Even on the hottest day of the summer, the water, which is discharged from the bottom of the reservoir, is too cold to go in for more than a few minutes without waders. Studded wading boots and a wading staff are also necessary to cross the slick rocks. And be sure to wash your waders and boots after the trip to prevent the spread of didymo, an algae also known as “rock snot.”
These wild fish have a discerning eye for the hatch, so matching it is very important. The Gunpowder has numerous hatches coming off throughout the year. Midges are ever-present, even in the dead of winter. Who doesn’t keep a few zebra midges in their fly box at all times? Early in the year you’ll find little black stoneflies on into April, when the blue wing olives and tan caddis start to hatch. These flies are present on the river throughout the rest of the year, so be sure to keep a good collection of parachute Adams and BWO comparaduns in sizes 18 to 22. As for caddis patterns, you can’t go wrong with an elk hair or x caddis. My go-to combo is a Goddard caddis, because they are unsinkable, with a caddis emerger introduced to me by Micah Dammeyer of Knee Deep Fly Fishing, tied in caddis green or tan. This tandem can be fished in a dead drift upstream or on the swing downstream. As the emerger rises it triggers aggressive strikes from fish.
My personal favorite hatch to fish is the sulphur mayfly hatch, which occurs anywhere from May to July. During this time – usually in the later hours of the day – you can see duns hatching on top of the water and fish actively feeding on the surface, with frequent leaps to chomp on flies that thought they had safely made it off the water. As night falls so do the spinners. You will notice that the trout don’t hit your orange dun pattern with the same consistency, so it’s time to switch to a more lightly colored spinner pattern with spent wings to mimic dying sulphurs.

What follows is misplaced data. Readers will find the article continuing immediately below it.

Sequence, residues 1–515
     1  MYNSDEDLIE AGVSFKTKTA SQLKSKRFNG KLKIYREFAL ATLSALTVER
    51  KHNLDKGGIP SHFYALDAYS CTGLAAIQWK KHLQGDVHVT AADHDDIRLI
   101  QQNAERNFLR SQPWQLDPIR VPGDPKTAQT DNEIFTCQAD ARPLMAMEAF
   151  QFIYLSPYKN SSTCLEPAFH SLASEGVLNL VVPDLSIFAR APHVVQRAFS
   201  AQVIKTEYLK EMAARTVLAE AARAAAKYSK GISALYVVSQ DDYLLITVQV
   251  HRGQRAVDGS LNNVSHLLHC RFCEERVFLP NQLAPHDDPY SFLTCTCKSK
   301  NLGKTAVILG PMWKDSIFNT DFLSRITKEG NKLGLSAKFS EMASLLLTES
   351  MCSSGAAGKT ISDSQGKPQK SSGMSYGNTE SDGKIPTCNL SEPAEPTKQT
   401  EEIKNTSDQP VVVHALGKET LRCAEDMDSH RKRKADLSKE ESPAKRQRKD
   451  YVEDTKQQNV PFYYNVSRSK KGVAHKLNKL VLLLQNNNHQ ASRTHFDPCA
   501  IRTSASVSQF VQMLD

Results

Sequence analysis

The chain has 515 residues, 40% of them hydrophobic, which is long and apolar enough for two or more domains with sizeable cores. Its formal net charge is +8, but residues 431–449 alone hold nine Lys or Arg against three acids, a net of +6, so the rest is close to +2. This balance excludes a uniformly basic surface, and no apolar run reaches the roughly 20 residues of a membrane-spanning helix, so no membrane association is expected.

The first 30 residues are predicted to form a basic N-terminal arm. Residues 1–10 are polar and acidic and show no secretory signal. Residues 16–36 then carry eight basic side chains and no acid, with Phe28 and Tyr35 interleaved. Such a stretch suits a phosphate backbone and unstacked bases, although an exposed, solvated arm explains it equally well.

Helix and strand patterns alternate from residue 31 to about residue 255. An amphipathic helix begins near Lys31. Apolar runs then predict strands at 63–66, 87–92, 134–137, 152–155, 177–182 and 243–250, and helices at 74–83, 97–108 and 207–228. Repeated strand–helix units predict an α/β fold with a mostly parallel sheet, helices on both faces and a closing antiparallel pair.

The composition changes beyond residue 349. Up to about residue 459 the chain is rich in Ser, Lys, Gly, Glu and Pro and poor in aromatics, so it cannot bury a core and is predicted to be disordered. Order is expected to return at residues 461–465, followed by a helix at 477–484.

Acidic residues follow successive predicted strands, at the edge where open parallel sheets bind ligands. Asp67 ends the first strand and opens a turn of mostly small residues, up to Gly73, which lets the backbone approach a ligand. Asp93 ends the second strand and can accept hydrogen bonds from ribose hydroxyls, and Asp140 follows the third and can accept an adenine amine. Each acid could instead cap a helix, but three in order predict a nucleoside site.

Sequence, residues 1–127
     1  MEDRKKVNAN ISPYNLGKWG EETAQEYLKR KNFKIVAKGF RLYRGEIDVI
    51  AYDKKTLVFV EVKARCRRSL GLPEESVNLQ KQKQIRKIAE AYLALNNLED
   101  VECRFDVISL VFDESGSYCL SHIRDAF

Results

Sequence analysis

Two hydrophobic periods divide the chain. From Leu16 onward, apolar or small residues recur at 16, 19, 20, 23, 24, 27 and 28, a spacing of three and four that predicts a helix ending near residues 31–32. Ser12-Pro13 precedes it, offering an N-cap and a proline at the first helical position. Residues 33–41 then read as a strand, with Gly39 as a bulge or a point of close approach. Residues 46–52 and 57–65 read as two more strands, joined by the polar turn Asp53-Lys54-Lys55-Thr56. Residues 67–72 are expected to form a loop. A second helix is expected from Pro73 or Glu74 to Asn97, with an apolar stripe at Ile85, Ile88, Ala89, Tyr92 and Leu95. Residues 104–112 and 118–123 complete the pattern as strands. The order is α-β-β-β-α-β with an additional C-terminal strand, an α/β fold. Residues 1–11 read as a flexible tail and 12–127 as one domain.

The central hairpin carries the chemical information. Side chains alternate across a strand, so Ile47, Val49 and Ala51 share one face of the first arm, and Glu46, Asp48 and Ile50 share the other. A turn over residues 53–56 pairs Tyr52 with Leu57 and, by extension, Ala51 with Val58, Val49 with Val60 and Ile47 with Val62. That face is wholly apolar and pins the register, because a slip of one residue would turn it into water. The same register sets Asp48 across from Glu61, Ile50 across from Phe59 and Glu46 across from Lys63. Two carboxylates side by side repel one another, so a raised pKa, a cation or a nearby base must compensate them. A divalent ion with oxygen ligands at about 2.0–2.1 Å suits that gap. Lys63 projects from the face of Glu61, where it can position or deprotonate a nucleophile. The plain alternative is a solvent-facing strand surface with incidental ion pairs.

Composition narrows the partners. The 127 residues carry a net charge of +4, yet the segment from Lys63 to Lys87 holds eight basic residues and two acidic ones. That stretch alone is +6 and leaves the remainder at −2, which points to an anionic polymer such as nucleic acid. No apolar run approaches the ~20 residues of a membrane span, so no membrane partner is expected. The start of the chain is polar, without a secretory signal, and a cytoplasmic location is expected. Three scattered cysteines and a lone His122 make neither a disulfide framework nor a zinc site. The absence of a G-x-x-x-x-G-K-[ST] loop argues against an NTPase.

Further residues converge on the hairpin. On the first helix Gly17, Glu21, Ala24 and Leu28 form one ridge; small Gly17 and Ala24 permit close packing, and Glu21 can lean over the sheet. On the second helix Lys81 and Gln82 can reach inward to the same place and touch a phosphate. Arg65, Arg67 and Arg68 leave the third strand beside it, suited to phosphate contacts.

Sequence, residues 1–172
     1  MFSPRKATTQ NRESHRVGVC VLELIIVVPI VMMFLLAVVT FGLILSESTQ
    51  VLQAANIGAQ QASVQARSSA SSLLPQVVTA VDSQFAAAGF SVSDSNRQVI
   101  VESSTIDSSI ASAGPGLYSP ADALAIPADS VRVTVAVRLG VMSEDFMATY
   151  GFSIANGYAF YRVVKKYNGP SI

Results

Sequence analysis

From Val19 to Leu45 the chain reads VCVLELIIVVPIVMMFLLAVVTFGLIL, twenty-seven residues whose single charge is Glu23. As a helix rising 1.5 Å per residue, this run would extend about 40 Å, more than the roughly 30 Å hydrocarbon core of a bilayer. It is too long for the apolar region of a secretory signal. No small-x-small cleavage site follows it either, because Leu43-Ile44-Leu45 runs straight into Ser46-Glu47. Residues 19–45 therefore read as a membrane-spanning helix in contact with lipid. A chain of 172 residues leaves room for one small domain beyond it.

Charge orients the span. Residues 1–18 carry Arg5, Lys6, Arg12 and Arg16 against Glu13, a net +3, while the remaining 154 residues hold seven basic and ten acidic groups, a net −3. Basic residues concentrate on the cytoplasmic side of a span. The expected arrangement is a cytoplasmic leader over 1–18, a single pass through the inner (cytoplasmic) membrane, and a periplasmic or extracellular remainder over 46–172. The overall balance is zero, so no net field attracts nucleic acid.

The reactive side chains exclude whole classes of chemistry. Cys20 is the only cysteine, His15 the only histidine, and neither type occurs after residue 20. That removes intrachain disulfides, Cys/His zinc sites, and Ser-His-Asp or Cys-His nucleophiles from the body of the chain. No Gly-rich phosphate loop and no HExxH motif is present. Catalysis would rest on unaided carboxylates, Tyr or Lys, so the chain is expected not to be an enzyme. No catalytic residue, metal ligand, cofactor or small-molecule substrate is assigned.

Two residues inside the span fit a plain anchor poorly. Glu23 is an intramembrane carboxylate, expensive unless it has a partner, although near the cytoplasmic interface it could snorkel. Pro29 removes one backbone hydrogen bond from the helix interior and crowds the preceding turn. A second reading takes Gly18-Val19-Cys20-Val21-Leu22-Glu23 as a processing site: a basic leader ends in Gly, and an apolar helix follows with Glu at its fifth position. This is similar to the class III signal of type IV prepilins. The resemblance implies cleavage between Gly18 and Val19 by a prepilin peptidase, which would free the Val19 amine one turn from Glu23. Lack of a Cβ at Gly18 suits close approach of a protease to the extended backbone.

In the heat of the summer terrestrials provide bigger prey, in the forms of meaty hoppers, beetles, ants, and inchworms. Everyone has their own preference for these and most of them work, so take your pick. Regardless of what you fish on top, you are guaranteed to get some action if you fish a green weenie underneath it.
Patterns to have year-round include pheasant tail nymphs, hare’s ear nymphs, and prince nymphs, size 16 to 20 (when you fish the Gunpowder think SMALL). It’s also a good idea to keep a couple woolly buggers handy just in case. If you’re having trouble figuring out what to use you can ask the folks at Backwater Angler or Great Feathers for their expert advice.
If fishing is meant to be an escape, I can think of few places better than Gunpowder Falls State Park. Standing in the cold waters, thick vegetation hides much of the walking trail, making even hikers along the trail only a fleeting glimpse. Don’t be surprised if a deer snorts at you or if a beaver swims right through where you’re fishing and slaps its tail at you. And while you’re at it, keep an eye out for the splashes of feeding fish.
- By Peter Turcik